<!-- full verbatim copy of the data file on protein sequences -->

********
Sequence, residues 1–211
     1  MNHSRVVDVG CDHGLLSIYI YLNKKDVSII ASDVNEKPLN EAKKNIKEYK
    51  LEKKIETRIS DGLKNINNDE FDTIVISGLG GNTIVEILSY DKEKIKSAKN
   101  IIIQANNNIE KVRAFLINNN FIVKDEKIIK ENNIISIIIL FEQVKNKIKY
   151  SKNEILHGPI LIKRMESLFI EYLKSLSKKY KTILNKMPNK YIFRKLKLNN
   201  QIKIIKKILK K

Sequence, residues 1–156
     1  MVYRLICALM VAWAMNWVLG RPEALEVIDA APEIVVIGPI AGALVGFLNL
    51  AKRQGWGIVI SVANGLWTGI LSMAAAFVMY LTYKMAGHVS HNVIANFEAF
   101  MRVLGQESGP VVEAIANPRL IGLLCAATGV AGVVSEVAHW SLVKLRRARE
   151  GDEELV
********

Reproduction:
Sequence, residues 1–211
     1  MNHSRVVDVG CDHGLLSIYI YLNKKDVSII ASDVNEKPLN EAKKNIKEYK
    51  LEKKIETRIS DGLKNINNDE FDTIVISGLG GNTIVEILSY DKEKIKSAKN
   101  IIIQANNNIE KVRAFLINNN FIVKDEKIIK ENNIISIIIL FEQVKNKIKY
   151  SKNEILHGPI LIKRMESLFI EYLKSLSKKY KTILNKMPNK YIFRKLKLNN
   201  QIKIIKKILK K

Sequence, residues 1–156
     1  MVYRLICALM VAWAMNWVLG RPEALEVIDA APEIVVIGPI AGALVGFLNL
    51  AKRQGWGIVI SVANGLWTGI LSMAAAFVMY LTYKMAGHVS HNVIANFEAF
   101  MRVLGQESGP VVEAIANPRL IGLLCAATGV AGVVSEVAHW SLVKLRRARE
   151  GDEELV